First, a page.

Although we’ve lived 30 miles from the Antelope Valley Poppy Reserve for 13 years, nobody in our family had ever been. It’s a place I’ve known about and have desired to see and photograph, but the time has simply never been right. Since Spring break fell during the peak poppy season this year, I decided to take a couple of my kids out for an early hike to see it for ourselves.

When we arrived, the poppies had not yet opened for the morning. Thanks to Google, we learned that this process of closing at night and opening in the sunlight is called “nyctinasty.”  It’s is the circadian rhythmic nastic movement of higher plants in response to the onset of darkness. For poppies, apparently, this is done to protect the pollen. And I was concerned we would be at the site long enough to see them open. I had no need to worry.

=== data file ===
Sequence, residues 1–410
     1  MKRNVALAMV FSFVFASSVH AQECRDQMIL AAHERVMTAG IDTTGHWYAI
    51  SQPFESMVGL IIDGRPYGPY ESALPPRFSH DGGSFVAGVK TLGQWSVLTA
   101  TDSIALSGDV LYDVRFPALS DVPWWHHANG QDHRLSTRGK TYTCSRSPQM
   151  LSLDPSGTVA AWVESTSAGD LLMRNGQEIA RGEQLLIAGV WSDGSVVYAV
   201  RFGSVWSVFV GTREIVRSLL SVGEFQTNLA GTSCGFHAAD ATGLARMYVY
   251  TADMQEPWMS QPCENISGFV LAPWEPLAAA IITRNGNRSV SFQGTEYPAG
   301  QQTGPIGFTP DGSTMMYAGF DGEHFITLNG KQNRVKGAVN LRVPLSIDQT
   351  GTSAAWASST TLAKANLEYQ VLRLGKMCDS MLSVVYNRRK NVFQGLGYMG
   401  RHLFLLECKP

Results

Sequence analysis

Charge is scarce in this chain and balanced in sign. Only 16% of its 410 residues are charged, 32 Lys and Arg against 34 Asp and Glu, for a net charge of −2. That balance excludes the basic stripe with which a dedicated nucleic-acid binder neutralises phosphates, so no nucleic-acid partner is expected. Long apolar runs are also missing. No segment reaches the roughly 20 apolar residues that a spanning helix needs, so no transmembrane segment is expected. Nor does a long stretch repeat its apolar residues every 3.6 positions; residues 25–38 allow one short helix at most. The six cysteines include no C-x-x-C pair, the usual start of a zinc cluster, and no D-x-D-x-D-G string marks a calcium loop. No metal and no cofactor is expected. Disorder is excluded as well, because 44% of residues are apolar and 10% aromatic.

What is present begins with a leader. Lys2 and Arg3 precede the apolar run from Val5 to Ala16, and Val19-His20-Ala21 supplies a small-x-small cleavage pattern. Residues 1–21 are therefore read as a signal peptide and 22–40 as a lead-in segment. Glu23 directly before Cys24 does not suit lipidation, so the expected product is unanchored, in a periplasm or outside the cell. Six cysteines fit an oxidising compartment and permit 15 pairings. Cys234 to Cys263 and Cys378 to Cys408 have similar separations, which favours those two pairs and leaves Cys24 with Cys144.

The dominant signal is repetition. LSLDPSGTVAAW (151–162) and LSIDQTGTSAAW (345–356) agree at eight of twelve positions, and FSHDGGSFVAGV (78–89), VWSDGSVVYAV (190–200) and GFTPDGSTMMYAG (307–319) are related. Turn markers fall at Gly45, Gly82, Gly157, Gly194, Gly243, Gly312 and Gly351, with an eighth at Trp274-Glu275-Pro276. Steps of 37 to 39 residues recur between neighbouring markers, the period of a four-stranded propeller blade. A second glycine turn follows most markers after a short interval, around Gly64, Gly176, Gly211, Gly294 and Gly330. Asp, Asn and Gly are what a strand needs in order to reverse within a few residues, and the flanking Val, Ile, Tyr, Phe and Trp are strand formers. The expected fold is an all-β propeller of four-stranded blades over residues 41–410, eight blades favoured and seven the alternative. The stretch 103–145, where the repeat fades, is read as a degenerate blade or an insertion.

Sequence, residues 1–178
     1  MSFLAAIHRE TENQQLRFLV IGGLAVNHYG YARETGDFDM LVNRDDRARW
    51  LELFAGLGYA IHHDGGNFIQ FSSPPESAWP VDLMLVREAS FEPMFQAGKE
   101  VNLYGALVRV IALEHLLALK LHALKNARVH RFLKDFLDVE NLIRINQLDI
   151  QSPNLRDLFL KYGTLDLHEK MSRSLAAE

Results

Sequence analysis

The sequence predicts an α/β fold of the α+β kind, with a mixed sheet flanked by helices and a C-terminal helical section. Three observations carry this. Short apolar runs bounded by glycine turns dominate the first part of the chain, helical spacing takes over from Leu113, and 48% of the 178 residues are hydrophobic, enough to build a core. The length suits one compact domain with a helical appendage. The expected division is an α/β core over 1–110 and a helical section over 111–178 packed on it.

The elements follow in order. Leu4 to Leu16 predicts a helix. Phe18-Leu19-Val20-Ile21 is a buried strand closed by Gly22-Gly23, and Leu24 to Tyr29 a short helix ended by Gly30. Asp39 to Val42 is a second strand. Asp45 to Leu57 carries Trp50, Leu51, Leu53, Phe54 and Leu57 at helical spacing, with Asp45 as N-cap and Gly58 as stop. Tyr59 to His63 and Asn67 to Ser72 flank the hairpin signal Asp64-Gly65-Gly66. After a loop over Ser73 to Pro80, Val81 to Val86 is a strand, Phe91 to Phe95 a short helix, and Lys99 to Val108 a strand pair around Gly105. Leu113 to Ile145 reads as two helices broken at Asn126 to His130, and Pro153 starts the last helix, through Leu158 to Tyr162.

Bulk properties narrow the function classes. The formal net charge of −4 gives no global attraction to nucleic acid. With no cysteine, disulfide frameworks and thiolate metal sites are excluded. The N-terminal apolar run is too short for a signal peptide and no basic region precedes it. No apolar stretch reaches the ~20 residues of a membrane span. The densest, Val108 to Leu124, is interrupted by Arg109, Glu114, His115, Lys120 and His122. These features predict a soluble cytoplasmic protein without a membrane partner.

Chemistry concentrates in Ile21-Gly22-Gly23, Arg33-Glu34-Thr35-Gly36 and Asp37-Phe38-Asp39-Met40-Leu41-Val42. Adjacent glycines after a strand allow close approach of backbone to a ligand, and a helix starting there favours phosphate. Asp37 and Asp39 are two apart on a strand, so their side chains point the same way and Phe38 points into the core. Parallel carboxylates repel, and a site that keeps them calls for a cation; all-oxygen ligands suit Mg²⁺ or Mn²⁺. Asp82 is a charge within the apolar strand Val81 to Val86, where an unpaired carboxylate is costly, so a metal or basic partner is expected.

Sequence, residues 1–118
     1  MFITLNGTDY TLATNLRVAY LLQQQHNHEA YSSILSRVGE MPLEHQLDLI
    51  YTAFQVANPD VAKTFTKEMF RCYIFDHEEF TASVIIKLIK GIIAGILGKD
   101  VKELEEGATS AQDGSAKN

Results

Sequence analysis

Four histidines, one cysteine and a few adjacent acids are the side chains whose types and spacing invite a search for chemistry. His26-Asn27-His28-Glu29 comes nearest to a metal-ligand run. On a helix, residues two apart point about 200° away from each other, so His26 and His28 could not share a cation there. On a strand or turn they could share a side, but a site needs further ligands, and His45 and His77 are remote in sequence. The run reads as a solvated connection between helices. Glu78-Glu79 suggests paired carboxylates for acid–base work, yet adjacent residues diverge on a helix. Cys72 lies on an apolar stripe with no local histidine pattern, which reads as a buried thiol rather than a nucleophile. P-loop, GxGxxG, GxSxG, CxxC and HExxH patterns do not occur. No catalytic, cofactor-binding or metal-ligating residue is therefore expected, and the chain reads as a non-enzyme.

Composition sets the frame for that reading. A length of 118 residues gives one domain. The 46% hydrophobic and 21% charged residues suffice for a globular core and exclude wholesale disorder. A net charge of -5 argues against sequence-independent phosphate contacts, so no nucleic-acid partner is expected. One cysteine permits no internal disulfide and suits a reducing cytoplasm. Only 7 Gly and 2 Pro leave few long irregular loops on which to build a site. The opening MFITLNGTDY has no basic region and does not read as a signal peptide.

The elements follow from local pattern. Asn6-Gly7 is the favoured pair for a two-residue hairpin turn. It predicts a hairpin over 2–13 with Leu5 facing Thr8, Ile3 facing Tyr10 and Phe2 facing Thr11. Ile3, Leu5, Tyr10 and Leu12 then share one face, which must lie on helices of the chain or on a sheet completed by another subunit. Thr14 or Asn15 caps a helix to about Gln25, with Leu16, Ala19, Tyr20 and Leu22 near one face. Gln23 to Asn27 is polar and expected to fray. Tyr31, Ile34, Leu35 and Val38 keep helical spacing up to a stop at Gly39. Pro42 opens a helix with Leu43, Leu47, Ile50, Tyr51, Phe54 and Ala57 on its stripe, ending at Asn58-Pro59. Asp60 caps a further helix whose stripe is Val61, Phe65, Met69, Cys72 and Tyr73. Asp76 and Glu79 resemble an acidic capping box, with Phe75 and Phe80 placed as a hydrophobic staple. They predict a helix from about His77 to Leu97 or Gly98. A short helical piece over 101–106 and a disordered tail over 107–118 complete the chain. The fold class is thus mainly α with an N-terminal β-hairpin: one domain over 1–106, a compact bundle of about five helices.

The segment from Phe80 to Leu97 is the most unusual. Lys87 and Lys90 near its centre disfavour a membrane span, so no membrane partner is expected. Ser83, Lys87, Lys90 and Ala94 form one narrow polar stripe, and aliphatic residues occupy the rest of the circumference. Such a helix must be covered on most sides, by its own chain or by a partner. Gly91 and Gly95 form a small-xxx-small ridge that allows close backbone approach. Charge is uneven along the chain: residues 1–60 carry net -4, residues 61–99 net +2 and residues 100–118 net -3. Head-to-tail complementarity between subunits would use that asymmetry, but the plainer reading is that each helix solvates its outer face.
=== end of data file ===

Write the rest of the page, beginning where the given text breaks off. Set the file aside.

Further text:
I can’t believe it took me 13 years to make this short drive. It won’t be another 13 years between visits. If you live in the Los Angeles area, do yourself a favor and make the drive. But get there early enough to beat the crowds, and take your time. The hike is easy and the flowers are awe inspiring.


If there are multiple photos in this post, EXIF data is for the featured photo only:

  • Aperture: ƒ/9
  • Camera: ILCE-7RM2
  • Taken: 4 April, 2017
  • Exposure bias: -1EV
  • Focal length: 24mm
  • ISO: 100
  • Shutter speed: 1/640s

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